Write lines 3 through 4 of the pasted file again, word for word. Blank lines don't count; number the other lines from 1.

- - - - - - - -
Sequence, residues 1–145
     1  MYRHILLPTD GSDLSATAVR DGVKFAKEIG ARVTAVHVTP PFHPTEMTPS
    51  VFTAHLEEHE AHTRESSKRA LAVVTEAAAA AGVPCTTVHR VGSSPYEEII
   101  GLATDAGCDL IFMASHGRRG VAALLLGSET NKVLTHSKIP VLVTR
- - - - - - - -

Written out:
    51  VFTAHLEEHE AHTRESSKRA LAVVTEAAAA AGVPCTTVHR VGSSPYEEII
   101  GLATDAGCDL IFMASHGRRG VAALLLGSET NKVLTHSKIP VLVTR